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1864 July 23: News of Local Area Soldiers, Including Two Deaths and an Interesting Poem

July 29, 2014

Following are the smaller news items from the July 23, 1864, issues of The Polk County Press and The Prescott Journal.

From The Polk County Press:

 SOLDIERS AT HOME.—E. D. WHITNEY,¹ 7th Wisconsin regiment returned last week on furlough.  Mr. WHITNEY was wounded in the leg while charging the works at Petersburg, and still carries the rebel ball in his wound, which we learn is very painful.  He will probably soon recover in this climate.  We also notice WARREN SEAVEY, of the 8th Minnesota regiment, on our streets.  He is home on sick furlough.  Commissary Sergeant CHARLES D. EMORY, 47th regiment U. S. Corps de Afrique, gave us a call one day this week.—He is looking quite well and soldier-like.

CHARLEY says that his regiment of “shades” have done some good fighting, and that they are some on a “display of ivory.”  He has re-enlisted and is home on furlough.

JOHN FATHKE, 10th Wis. Battery, is also at home on “sick furlough.”

DRAFT FOR DEFICIENCIES.—There is a report that a draft will shortly be made in this State, to fill up the deficiencies under the old call for 700,000 men.

From The Prescott Journal:


Killed, in front of Petersburg, May 26th, GEORGE HOUSTON, Co. F, 37th Reg. Wis. Vols., aged 17 years, 3 mos, and 3 days.  He was shot in the head ;  lived but an hour, and his only words were “Oh God !  I’m killed!”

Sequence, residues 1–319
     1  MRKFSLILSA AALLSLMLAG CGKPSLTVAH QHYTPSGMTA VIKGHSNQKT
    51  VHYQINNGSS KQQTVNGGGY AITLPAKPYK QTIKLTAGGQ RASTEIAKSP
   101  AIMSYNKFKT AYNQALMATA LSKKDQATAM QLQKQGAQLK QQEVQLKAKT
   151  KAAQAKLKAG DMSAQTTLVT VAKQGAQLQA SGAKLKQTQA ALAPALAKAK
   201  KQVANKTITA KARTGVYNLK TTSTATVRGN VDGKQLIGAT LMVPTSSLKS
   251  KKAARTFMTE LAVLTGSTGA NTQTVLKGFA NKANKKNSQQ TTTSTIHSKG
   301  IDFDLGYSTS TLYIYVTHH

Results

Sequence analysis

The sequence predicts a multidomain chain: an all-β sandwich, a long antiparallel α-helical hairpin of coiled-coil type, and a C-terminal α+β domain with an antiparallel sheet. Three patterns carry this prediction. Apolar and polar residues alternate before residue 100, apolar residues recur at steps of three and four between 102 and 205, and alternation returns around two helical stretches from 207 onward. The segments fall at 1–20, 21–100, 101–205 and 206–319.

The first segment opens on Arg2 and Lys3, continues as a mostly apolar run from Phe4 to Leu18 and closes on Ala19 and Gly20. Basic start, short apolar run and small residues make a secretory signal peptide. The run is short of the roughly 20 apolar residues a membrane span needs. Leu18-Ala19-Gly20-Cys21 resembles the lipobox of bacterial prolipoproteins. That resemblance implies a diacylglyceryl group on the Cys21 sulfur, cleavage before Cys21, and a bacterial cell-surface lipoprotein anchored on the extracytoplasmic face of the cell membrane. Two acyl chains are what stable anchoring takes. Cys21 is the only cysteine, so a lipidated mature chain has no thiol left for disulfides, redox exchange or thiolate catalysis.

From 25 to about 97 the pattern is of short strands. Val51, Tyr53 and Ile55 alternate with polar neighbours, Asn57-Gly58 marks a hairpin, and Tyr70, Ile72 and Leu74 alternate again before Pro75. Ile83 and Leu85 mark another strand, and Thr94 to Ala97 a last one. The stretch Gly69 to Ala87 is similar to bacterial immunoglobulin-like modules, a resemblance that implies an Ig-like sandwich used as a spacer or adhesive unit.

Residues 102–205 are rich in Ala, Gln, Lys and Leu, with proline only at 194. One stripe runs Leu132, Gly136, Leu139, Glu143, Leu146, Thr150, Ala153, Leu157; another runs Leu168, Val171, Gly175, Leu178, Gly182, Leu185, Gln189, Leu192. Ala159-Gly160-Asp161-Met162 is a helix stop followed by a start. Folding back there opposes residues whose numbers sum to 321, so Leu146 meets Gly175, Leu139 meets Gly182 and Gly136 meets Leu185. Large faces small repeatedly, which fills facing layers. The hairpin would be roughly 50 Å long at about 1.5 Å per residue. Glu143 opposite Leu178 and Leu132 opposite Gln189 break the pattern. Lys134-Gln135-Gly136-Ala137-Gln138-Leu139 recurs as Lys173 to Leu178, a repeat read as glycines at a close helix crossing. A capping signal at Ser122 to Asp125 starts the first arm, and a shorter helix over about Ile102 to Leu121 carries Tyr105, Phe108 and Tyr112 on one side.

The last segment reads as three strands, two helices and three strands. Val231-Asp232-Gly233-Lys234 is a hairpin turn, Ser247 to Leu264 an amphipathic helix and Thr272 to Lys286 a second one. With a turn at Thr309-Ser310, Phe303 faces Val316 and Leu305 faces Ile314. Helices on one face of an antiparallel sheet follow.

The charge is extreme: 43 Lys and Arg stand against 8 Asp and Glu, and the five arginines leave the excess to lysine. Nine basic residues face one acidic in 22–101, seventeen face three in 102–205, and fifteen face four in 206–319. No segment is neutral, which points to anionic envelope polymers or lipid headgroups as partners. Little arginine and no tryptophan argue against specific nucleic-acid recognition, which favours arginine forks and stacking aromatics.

Oh, vainly we sigh for thy brotherly love,
And vainly we pity thy fate ;
Naught, naught can restore thee to life and to love,
Not e’en the sad plaint of thy mates.

Thy soft, glossy hair is spotted with gore—
The life-tide that ebbed from thy heart.
Thine eyes, dimmed by death, shall be bright nevermore,
And the chill of his touch ne’er depart.

Thy friends are chiding thy tedious delay,
And calling in vain for thy care ;
Their clamorous cries thou can’st never obey ;
Alas !  thy sad fate they must share.

They will wait for thy coming, till wary and faint,
They sink with a pitiful cry ;
But thou wilt be deaf to their mournful complaint,
And, like thee, all alone they must die.

We’ll fold thy cold hands on thy poor wounded breast,
And thine eyes, dim in death, we will close ;
With a tear for thy fate, we will lay thee to rest,
Where naught shall disturb thy repose.

J. C. JAY.

Finger002  Ambrose Stowell, Co. F, 30th, died on board boat, 150 miles above Ft. Sully, June 26th.  We believe he was from River Falls.

Finger002  St. Croix County is 58 behind on previous calls [for volunteers].

Finger002  “Brick” Pomeroy [M. M. “Brick” Pomeroy] calls the President the “widow-maker.”  We suppose if a Sheriff calls out a posse to quell a riot, and some of the rioters and of his posse are killed, he is a “widow-maker” also.  The President, in the interest of Government and Order, has called out a large posse to suppress a rebellion—that’s all.  Nobody cries “widow-maker” but those in sympathy with the rioters and rebels.

1.  Edwin Whitney, from Farmington, was in Company F of the 7th Wisconsin Infantry.


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